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September 15, 2014
Culture

Music review: Follow The Path

Shaolin Afronauts have released their third album, and CityMag challenges you not to dance (interpretively) whilst listening.

  • Words: Brendan Cooper

Follow The Path brings us riffs straight out of a ’70s movie cop chase, sax serenades from the ‘80s and a tight bass to get the juices flowing.

Remarks

Shaolin Afronaut’s third release Follow The Path, is out now in selected record stores or available for download on iTunes, Amazon and Juno.

With a backing of keys, some African-inspired percussive elements and surprise appearances by the wooden flute, the new outing from Adelaide’s Shaolin Afronauts is densely layered but still bright and energetic. The double disc release is a journey through jazz, soul, afrobeat, funk, and everything in between – a good hour and a half of blissed out vibrations.

This third effort from the instrumentalists comes after the success of their debut – the ARIA nominated Flight of the Ancients, 2011 and 2012’s Quest Under Capricorn. Orchestrated by 14 musicians under the watchful eye of CityMag’s favourite musical multifarious man, Ross McHenry, the 21-track album is much more than the interpretive jam it sometimes seems to reference. Far from a meandering effort, Follow The Path reveals itself as taut and intricate once you allow yourself to be engulfed by it.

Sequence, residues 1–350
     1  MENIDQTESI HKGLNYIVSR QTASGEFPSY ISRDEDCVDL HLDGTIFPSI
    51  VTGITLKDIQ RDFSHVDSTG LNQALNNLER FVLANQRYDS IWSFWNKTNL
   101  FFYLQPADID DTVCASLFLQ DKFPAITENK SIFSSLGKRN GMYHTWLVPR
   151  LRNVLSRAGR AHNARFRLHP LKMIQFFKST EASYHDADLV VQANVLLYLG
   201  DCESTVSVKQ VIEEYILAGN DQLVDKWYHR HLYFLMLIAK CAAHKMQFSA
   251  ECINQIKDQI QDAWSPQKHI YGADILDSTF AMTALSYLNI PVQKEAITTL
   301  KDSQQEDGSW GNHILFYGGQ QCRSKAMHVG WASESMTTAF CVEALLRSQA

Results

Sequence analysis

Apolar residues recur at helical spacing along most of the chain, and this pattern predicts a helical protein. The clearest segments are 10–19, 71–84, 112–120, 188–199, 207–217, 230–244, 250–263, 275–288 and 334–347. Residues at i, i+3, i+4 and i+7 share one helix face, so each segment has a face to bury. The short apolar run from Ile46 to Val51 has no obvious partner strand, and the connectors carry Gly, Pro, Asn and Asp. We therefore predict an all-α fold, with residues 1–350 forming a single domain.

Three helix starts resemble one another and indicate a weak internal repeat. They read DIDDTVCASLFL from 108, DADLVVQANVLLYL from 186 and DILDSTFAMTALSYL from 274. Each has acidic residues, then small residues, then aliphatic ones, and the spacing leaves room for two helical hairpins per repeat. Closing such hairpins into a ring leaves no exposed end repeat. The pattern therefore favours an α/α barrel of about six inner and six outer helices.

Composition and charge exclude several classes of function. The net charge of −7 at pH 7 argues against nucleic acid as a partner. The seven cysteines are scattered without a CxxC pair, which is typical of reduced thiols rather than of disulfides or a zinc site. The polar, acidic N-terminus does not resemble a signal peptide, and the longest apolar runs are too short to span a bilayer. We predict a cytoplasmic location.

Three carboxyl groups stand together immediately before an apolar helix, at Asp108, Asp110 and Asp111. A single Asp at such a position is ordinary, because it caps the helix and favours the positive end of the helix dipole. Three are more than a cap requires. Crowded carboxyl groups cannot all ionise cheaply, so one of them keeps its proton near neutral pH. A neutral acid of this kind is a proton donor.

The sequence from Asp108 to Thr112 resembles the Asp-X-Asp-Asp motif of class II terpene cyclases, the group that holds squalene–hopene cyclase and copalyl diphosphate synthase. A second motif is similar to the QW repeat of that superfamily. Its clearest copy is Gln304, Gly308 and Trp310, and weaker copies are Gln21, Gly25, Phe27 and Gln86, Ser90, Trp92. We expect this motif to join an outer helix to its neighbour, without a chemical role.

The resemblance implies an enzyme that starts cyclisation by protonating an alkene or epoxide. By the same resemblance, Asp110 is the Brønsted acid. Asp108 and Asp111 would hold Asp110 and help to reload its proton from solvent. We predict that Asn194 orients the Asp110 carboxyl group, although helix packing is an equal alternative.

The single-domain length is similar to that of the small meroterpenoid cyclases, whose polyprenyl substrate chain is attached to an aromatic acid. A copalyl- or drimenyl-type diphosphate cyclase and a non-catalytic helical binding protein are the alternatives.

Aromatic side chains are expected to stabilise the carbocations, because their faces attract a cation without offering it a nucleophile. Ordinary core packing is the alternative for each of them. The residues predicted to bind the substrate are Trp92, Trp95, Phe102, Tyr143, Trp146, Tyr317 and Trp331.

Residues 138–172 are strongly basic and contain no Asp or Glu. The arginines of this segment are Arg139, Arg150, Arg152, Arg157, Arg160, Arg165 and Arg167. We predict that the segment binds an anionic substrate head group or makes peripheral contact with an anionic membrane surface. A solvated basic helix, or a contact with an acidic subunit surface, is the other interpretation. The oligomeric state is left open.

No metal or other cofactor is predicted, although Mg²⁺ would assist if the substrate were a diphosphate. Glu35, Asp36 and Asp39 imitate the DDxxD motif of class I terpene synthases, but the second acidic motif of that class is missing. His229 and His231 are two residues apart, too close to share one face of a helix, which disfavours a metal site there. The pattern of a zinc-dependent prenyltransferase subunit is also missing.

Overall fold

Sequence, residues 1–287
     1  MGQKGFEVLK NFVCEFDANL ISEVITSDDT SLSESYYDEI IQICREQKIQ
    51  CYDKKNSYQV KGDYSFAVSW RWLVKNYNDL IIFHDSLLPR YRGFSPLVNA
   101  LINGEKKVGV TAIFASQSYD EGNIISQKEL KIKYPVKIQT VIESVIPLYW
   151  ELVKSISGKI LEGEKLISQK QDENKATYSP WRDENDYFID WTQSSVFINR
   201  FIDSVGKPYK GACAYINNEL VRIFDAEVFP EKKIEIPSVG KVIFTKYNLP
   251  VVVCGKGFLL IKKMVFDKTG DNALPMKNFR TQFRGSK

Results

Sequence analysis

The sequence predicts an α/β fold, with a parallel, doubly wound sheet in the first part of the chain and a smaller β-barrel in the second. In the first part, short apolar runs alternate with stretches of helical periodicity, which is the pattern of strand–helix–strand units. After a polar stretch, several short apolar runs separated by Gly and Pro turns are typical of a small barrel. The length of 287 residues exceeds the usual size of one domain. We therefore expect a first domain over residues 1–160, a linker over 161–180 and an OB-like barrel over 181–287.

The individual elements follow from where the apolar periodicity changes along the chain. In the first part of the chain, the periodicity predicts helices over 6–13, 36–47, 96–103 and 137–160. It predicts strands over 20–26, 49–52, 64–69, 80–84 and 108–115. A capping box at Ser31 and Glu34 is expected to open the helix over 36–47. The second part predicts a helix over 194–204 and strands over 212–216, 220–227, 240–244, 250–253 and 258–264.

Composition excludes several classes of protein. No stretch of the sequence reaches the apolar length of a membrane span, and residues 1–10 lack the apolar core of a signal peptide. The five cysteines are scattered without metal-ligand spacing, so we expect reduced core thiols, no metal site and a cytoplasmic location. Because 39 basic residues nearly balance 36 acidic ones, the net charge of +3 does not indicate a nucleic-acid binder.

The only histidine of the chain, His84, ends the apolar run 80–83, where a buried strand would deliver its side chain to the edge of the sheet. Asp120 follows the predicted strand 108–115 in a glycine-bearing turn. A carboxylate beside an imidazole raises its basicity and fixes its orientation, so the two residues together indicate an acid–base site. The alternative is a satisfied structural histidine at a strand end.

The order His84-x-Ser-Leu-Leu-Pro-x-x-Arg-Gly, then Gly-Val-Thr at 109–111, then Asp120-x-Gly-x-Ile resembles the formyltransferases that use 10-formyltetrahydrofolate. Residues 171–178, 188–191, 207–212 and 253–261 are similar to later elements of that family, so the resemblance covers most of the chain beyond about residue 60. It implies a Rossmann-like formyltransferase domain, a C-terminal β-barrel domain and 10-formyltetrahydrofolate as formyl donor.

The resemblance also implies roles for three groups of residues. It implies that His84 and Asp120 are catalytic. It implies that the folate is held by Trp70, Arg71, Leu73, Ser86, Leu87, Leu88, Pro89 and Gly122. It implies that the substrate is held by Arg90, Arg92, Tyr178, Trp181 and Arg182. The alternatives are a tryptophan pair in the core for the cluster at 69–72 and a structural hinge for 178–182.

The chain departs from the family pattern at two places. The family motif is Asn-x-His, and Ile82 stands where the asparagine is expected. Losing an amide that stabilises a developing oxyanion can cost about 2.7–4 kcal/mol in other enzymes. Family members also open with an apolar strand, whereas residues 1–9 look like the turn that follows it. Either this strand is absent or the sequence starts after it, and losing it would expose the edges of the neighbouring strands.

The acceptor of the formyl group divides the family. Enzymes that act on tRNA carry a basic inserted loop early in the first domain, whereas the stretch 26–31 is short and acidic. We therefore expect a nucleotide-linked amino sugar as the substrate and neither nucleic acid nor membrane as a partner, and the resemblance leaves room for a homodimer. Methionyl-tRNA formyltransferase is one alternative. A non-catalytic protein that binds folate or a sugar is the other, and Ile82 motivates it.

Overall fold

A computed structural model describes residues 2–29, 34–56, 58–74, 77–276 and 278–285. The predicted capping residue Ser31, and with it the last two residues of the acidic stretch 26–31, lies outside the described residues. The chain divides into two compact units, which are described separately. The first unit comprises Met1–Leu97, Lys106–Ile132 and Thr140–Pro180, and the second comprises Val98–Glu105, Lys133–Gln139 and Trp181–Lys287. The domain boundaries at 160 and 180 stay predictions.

Thanks to the heavy jazz influences of the band’s background, individual songs and the album as a whole are loose in sound, but very tight in arrangement. Enduring bass lines are given liveliness by layered synthesizer lines, the call-and-response of the brass section and tight snare beats that swing between Cuban and African rhythms.

Demonstrating a deft understanding of how to sculpt a full-length recording (or one of double-length, in this case), the Afronauts paint a vivid and evolving splash of colour with Follow The Path. The talented musicians add dimension with mellow moments, which are most obvious on the second disc in tracks like Abyssinian Suite Part 1, plus there’s a Chevy load of funk throughout.

The sounds of the record would be at home in any number of places – from providing a cool soundtrack in an underground New York jazz club or in heart of sun-soaked Havana, Cuba’s cultural centre. Put it on in your lounge room or at your desk, let the music take you somewhere else and get your dancing feet moving.

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